Officials in Charlottesville in the US state of Virginia have declared a state of emergency ahead of a large march by white nationalists, BBC report.
Thousands of people are expected to join the “Unite the Right” rally against plans to remove a statue of a pro-slavery US Civil War general.
Violent clashes between far-right groups and counter-protesters have left at least two injured, police say.
President Donald Trump has condemned the violence.
On Twitter, he said: “We ALL must be united & condemn all that hate stands for. There is no place for this kind of violence in America. Lets come together as one!”
After the clashes subsided, a car rammed into a crowd of counter-protesters. It was not immediately clear how many people had been injured.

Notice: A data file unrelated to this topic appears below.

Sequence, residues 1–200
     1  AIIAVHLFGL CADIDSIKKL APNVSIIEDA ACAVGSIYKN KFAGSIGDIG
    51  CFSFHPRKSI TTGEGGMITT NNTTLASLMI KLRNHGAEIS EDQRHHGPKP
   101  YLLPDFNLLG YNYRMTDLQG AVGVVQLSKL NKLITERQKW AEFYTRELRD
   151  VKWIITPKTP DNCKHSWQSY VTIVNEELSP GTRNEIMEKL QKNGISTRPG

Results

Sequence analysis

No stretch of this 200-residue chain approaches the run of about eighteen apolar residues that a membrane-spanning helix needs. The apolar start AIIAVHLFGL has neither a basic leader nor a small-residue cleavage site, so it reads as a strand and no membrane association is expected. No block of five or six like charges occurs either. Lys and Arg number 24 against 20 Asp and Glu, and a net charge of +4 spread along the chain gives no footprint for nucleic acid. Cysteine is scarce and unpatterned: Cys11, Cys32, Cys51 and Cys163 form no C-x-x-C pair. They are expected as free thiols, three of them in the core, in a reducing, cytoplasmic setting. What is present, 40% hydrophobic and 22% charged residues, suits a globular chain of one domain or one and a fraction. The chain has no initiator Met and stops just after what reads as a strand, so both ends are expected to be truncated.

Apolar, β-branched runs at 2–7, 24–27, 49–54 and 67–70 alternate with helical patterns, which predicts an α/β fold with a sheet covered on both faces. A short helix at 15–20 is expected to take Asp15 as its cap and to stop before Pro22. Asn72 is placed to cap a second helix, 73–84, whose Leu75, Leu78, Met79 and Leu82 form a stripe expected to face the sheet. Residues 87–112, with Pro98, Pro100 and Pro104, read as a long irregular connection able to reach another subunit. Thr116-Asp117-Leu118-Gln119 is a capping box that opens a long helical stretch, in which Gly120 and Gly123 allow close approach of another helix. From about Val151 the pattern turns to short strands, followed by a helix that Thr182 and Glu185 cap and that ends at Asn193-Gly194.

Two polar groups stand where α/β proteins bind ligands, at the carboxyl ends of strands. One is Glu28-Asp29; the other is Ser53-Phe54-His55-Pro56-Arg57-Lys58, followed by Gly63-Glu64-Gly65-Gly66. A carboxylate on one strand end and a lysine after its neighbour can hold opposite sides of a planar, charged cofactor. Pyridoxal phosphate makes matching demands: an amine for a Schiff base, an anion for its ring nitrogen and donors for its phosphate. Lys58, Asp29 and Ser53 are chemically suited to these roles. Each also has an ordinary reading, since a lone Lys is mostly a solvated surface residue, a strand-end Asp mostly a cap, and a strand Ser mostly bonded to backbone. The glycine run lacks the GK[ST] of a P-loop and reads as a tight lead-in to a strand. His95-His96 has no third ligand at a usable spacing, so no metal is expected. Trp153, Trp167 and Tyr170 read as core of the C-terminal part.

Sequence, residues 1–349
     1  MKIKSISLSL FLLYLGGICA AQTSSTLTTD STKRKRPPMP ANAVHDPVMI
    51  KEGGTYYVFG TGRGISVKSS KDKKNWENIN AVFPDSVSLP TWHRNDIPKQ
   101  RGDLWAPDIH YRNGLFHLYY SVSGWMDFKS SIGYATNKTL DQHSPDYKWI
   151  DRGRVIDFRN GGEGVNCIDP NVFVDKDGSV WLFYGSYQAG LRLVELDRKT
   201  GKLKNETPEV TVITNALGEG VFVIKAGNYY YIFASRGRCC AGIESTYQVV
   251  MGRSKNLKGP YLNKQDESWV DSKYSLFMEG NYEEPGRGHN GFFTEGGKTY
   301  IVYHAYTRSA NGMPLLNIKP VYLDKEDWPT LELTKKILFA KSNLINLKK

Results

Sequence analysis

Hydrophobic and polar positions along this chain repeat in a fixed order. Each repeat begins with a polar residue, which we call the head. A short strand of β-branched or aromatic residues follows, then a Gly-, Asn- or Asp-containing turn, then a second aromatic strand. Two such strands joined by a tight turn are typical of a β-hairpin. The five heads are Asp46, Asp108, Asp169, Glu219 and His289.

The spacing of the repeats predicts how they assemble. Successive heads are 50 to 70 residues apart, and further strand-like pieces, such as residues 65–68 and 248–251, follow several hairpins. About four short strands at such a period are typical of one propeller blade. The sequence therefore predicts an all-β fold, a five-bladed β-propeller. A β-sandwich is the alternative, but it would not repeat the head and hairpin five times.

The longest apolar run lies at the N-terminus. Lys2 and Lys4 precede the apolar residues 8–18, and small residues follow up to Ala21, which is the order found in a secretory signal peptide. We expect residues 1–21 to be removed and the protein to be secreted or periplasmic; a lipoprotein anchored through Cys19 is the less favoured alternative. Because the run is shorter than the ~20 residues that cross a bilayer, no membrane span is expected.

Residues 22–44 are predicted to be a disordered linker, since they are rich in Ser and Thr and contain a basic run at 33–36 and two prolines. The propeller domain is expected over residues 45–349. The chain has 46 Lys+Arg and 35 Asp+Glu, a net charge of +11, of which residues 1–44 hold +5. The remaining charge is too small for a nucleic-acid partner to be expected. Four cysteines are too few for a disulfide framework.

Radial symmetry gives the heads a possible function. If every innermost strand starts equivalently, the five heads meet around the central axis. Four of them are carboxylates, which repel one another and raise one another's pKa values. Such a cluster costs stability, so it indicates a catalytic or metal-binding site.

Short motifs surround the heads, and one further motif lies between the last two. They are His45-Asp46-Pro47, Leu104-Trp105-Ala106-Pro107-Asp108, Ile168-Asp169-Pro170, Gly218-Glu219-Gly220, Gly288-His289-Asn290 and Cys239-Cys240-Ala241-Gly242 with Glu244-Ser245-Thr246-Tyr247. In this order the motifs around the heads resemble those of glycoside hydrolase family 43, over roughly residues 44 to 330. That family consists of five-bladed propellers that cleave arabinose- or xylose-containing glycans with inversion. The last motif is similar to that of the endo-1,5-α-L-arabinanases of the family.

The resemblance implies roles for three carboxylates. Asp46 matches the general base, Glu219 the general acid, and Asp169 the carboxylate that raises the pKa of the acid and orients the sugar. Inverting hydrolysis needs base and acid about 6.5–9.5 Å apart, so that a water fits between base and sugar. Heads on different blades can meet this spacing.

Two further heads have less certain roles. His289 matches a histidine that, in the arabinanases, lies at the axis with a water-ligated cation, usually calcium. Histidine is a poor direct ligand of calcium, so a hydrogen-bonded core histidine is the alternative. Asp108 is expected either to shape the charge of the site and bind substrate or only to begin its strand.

Earlier, police fired tear gas against demonstrators and said that arrests had been made after a declaration of unlawful assembly at Emancipation Park.
The state of emergency allows local authorities to request additional resources if needed, the police department said
The far-right protesters, some waving Confederate flags, carrying shields and wearing helmets, are angry about the planned removal of a statue of Gen Robert E Lee from Charlottesville. Gen Lee commanded the Confederate forces in the US Civil War of 1861-65.
The New York Times reports that some of them were chanting “You will not replace us,” and “Jew will not replace us.”
Anti-racism organisations such as Black Lives Matter have also held marches.